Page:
It seems that the local council is keen to promote its claim to fame, the extensive Roman remains, and ensure that they are as accessible as possible (to car drivers in any case), as there is a walking trail throughout the village, making all the visible archaeology very easy to find. Parts of the route follow the roads of the Roman town’s grid street-plan.
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There are workshops in the artisanal quarter.
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These may represent some of the earliest settlers in the Roman town, possibly dating from the Augustan period.
There are the remains of a bathhouse under the church, although only the frigidarium (cold room) is accessible.
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In the centre, the impluvium (pool) is beautifully lined with schist tiles, many of which are still intact.
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The church was actually built out of the bathhouse, utilising the walls and parts of the foundations.
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A few steps away from the church are the remains of two theatres, built into a natural slope.
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The earlier, first-century theatre (in red below) was roughly circular with internal semi-circular buttresses. The second theatre (in black below), built on the same site, is a d-shaped layout with regular cavea (seating sections) and scalae (stairways).
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As part of the heritage weekend, a production of Aeschylus’ Suppliants was being performed at the theatre and my visit coincided with some last-minute preparations.
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And so to the largest and most striking Roman structure in the village.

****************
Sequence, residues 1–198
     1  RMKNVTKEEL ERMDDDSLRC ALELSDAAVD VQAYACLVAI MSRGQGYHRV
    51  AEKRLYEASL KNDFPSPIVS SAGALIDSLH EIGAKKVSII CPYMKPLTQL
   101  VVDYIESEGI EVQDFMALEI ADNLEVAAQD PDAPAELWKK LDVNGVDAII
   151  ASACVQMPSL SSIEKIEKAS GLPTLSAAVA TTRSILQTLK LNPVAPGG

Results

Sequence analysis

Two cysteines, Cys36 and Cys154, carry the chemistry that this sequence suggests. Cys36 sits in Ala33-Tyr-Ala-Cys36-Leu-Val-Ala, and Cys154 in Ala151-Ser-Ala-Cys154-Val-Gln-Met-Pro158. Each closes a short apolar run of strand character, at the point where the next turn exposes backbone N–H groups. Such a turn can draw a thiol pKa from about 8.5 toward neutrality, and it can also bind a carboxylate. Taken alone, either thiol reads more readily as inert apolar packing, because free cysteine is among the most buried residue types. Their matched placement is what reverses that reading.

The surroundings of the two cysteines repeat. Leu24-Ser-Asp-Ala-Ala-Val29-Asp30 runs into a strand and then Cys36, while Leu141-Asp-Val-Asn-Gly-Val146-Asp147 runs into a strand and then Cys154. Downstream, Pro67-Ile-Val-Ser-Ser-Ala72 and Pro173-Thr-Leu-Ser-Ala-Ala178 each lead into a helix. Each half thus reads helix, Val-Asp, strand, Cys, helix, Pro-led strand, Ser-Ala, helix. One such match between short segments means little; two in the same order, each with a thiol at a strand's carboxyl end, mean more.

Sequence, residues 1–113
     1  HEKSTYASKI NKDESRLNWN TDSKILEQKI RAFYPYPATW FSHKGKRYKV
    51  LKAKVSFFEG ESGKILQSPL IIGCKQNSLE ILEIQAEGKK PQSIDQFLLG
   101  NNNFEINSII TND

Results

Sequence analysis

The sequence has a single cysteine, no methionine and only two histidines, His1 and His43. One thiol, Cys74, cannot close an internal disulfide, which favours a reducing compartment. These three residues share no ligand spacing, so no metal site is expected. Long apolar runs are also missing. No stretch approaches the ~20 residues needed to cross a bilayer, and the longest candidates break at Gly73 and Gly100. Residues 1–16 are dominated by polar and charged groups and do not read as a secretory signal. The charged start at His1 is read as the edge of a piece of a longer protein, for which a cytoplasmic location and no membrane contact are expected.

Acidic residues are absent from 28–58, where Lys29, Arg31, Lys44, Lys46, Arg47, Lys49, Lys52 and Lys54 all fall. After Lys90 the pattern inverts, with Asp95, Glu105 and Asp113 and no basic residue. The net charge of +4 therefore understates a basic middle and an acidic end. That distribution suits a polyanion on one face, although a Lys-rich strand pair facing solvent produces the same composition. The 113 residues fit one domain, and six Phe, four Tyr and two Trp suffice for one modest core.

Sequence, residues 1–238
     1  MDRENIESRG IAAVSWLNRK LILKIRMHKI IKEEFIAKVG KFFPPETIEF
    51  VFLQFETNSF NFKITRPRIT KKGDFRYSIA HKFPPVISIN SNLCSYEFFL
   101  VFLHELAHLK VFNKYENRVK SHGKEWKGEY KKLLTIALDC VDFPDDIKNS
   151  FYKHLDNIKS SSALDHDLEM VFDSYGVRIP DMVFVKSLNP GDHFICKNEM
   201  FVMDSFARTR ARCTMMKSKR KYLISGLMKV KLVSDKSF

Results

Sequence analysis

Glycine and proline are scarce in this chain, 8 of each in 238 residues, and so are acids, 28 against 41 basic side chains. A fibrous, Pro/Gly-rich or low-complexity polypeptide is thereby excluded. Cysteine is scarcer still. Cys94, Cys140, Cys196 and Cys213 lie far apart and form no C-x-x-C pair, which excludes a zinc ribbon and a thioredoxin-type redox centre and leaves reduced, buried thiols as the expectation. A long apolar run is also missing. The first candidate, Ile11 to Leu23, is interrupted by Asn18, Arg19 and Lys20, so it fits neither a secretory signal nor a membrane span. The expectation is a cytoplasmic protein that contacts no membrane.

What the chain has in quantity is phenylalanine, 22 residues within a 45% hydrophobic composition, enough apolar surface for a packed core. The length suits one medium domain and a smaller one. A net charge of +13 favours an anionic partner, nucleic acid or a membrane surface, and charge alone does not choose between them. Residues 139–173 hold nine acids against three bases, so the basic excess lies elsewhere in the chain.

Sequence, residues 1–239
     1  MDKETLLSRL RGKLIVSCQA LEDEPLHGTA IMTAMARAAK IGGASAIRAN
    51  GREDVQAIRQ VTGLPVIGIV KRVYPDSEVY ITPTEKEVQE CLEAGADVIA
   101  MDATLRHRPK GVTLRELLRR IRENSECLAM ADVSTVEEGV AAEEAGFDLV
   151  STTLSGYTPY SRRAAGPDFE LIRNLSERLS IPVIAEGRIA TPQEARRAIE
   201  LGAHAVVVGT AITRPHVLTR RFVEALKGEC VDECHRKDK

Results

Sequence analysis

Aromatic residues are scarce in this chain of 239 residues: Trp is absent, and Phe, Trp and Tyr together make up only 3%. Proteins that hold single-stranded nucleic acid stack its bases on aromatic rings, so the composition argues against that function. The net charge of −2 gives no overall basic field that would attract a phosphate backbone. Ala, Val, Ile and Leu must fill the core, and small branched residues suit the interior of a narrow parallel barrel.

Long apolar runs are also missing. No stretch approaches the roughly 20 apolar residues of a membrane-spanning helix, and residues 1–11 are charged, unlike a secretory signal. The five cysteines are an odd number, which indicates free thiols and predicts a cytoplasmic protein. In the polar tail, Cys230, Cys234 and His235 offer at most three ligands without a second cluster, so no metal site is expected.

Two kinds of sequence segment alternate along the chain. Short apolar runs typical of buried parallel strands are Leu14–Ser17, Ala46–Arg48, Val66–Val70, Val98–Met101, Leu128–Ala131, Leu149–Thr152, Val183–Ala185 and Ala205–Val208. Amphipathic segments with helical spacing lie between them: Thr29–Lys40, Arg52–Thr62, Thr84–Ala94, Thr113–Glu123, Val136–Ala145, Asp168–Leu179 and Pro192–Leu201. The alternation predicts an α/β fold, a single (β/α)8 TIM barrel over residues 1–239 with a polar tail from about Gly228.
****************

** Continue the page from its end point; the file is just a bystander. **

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It looks for all the world like a Saxon Shore Fort but we’re nowhere near the coast. It’s enormous and well-built, and yet Jublains spent much of its history as a bit of a back-water, relatively under-populated for much of the Roman period and superseded by Le Mans. It’s so random.

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The site is actually a little less square than the model but you get the idea.

The layout, from the outside in, involves a thick outer wall with regular external bastions, an earthen bank and ditch (only the bank is visible today), an inner fortified building with corner towers, and two bathhouses.

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Here is part of the external wall. Look at this #wallporn! And it’s positively bastion-tastic!

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The site was built over the period of about a century, with the internal buildings dating from the early third-century, followed by the inner earthwork, probably from the late third-century, and finally the outer rampart, which dates from the end of the third-/early fourth-century. The purpose seems to have been altered during this time with it finally functioning as a fortified storage enclosure, possibly a military supply depot. The defenses were probably a response to the invasions by Germanic tribes in the 270s.

The external wall, with bastions, is faced primarily with rectangular/sub-square blocks, as you’d expect, but, weirdly, there are also these shaped and interlocking blocks.

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These don’t look like most of  the Roman #wallporn you see around so I can’t offer any particular explanation for them but, in any case, these elements are beautifully well-made.

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The internal structure, which may have been the granary building, features some lovely #portalporn (new #) alongside the #wallporn.

Excavations continue in Jublains, so this is a developing story.

Go visit.

What happens in Konstantinopel stays in Konstantinopel *

The fifth- and sixth-centuries CE was a period of enormous change in the Roman empire. In the west, pressure from Visigoths and Huns hastened the end of imperial rule, Rome was no longer the centre of ‘Rome’ as, in the eastern empire, Constantinople (previously called Bysantium and Nova Roma (New Rome)) grew in importance, influence and wealth following its enrichment and enlargement by  the Emperor Septimius Severus and, later, the Emperor Constantine. In this large, bustling city, opportunities for entertainment were plentiful and the most important site, both socially and politically, was the hippodrome.